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Miami drug squad members on trial

Six members of Miami's elite street drug squad went on trial Monday, accused of violating the civil rights of a small-time crack dealer they allegedly beat to death. Federal prosecutors say the six men cornered Leonardo Mercado in his home, held him down and repeatedly hit him with a flashlight or night stick, then stomped him hard enough to leave boot-tread marks. They face life in prison if convicted. Defense attorneys say Mercado, who had cocaine in his blood, was a career criminal with a violent history, and died in a drug-induced psychosis while resisting arrest Dec. 16, 1988.Woman dies in fire after saving son

PUNTA GORDA _ A mother trapped in a burning mobile home handed her 4-year-old son through a window to his father's outstretched arms before succumbing to the smoke and flames, authorities said. Mary Rose Tolbert, 44, apparently was overcome in her bedroom as her husband, Daniel, 46, tried unsuccessfully to pull her through the same window that served as the escape hatch for their child, said Det. Jeff Riddell of the Charlotte County Sheriff's Department. Daniel Tolbert was treated for burns and a dislocated shoulder. He and the 4-year-old were in stable condition at hospitals. The fire broke out at 9:55 a.m. Sunday while the family was sleeping, and swiftly consumed the home and a car, firefighters said.

Man arrested in hacking death of family

MIAMI BEACH _ A 19-year-old man was arrested in the hacking death of a family in his Pennsylvania neighborhood and will be returned to his state within a day or two, a court official said Monday. Eric Robert Motis waived extradition in Dade County court Monday. Motis was arrested late Saturday night in Miami Beach while driving a car belonging to one of the murder victims, said Bucks County District Attorney Alan Rubenstein. The victims, Louise C. Hoopes, 42, and her sons Douglas, 16, and Daniel, 14, were killed as they slept early Oct. 15 in their Hilltown, Pa., home. The county coroner said they were stabbed and slashed in the head and neck. After his arrest, Motis was charged with three counts of first-degree murder, burglary, robbery and related offenses, Rubenstein said.

Paramedics defended in traffic jam

GAINESVILLE _ Hospital officials are defending a paramedic's road-jamming decision to land a helicopter on Interstate 75 near here during heavy rains and University of Florida homecoming-weekend traffic. More than 20 minor accidents were reported on the crowded interstate shortly after the helicopter landed about 2 p.m. Sunday to transport victims from a traffic accident near Micanopy. Paramedics described the condition of two patients as "yellow" _ serious but not life-threatening. "They have no idea what happens when you stop 15,000 cars for 15 minutes," said Florida Highway Patrol Sgt. Larry Williams. "It takes as much four or five hours to get that traffic going."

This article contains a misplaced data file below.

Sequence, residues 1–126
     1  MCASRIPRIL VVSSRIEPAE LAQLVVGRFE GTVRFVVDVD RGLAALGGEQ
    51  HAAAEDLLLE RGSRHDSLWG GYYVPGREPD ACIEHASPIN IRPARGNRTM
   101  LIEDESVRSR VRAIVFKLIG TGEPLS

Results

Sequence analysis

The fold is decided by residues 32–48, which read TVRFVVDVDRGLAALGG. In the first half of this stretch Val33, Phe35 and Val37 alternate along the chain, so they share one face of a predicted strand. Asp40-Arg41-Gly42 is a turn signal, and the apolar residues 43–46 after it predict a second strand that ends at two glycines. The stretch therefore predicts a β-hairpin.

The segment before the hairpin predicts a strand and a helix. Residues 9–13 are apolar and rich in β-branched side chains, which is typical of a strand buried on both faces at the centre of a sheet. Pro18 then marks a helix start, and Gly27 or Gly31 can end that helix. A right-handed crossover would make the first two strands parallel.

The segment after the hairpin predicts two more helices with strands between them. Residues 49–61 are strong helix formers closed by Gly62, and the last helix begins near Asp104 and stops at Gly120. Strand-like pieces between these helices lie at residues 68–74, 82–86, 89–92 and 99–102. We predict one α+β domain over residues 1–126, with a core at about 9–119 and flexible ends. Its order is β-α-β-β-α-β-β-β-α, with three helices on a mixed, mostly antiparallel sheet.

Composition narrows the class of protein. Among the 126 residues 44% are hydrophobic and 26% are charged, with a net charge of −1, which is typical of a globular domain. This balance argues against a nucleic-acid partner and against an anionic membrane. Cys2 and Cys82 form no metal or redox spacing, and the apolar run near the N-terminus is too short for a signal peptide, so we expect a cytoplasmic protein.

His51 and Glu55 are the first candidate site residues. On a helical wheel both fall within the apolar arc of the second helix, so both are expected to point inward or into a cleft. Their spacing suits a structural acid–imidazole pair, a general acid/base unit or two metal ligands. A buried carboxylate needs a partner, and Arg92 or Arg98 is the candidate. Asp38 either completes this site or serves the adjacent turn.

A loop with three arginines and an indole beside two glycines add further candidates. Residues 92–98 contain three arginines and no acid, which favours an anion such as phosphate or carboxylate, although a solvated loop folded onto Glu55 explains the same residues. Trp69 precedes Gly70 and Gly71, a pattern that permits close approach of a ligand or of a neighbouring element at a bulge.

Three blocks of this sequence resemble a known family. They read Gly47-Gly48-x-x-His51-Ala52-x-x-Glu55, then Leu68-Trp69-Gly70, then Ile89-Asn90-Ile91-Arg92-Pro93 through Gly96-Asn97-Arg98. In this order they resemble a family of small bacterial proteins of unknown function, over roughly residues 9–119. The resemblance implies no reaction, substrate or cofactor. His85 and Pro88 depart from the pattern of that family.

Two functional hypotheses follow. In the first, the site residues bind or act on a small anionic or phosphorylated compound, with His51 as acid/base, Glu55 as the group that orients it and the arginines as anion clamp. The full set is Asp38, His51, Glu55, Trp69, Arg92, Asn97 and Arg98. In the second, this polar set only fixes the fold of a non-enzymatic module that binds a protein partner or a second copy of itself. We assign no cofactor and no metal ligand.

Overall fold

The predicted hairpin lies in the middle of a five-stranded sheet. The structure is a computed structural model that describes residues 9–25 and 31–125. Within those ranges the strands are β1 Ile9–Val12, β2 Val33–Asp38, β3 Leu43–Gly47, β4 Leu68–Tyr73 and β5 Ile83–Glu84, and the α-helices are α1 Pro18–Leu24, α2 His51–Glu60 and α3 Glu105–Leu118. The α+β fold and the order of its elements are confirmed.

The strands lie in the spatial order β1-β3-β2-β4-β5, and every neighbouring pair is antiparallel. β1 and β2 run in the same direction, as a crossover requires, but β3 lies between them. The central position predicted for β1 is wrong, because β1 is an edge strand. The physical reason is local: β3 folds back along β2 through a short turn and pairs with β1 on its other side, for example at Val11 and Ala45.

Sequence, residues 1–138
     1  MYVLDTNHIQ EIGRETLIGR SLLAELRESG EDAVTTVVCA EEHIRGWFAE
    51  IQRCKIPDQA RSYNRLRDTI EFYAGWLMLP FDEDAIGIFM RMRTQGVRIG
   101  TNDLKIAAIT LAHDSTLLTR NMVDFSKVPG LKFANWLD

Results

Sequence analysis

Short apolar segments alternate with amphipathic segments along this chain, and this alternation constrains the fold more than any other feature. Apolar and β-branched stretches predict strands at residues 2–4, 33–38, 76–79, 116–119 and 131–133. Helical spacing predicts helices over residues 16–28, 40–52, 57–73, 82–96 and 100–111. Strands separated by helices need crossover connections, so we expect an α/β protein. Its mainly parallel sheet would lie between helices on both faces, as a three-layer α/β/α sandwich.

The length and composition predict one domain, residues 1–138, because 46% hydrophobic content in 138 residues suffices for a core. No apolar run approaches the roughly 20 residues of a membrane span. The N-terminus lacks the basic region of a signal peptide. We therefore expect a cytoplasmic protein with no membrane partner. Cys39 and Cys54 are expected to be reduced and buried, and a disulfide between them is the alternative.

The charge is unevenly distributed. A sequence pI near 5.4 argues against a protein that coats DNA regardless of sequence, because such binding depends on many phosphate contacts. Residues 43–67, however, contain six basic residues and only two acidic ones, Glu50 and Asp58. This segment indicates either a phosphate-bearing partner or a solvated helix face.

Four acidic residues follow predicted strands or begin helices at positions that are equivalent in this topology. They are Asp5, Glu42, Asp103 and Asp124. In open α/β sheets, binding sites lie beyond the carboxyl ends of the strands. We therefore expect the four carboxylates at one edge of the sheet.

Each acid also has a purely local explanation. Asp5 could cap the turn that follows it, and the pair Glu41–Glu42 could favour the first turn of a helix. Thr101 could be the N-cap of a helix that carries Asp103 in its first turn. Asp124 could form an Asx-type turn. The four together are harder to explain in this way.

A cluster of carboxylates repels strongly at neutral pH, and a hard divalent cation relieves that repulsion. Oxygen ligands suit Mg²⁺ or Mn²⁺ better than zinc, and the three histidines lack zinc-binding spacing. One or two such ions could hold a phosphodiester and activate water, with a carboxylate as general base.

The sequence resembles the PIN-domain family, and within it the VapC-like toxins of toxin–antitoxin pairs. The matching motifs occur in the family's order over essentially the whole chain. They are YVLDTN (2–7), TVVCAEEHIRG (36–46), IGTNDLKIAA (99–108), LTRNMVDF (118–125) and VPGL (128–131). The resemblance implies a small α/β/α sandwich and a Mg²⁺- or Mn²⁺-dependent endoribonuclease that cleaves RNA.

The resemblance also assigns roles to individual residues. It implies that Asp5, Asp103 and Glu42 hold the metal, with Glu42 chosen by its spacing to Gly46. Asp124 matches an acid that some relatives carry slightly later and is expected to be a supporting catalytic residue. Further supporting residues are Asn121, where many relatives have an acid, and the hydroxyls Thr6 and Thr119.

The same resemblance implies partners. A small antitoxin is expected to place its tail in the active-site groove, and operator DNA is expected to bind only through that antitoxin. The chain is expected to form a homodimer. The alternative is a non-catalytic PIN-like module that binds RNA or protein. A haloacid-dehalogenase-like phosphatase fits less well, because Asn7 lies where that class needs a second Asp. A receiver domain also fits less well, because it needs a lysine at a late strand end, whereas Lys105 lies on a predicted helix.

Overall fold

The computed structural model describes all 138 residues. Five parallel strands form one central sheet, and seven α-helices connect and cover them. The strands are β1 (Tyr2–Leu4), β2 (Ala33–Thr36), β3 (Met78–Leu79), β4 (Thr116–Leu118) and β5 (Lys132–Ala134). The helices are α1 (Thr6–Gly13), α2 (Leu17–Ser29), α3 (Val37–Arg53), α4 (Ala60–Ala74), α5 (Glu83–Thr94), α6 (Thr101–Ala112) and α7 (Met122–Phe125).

Work camp inmate run over by officer

GAINESVILLE _ Dennis Vaughan, 27, a Gainesville Work Camp inmate, was trying to remove some wire from the axle of a truck Monday when his corrections officer accidentally ran him over, police reported. Vaughan, who was serving two prison sentences for drug, drunken-driving and fraud charges, was pronounced dead two hours after the accident. No charges have been filed against the officer. A police investigation continues.

HRS sued over temporary foster care

TALLAHASSEE _ Thousands of children are kept by the state welfare agency in temporary foster care much longer than the law allows, depriving them of a chance for normal lives, charges a lawsuit filed Monday in federal court in Miami. State law requires that once a judge has decided a child in foster care is dependent, the natural parents have 18 months to prove to the Department of Health and Rehabilitative Services (HRS) that they are capable of taking the child back. If they're not, HRS must find people to adopt them permanently. The lawsuit charges that dependent children in Dade County actually stay in foster care for an average of 36.4 months. HRS spokesman David Adams said the length of stay has dropped from 48 months to 29 months statewide over during the past three years.

_ Compiled by JAN BRACKETT from wire reports.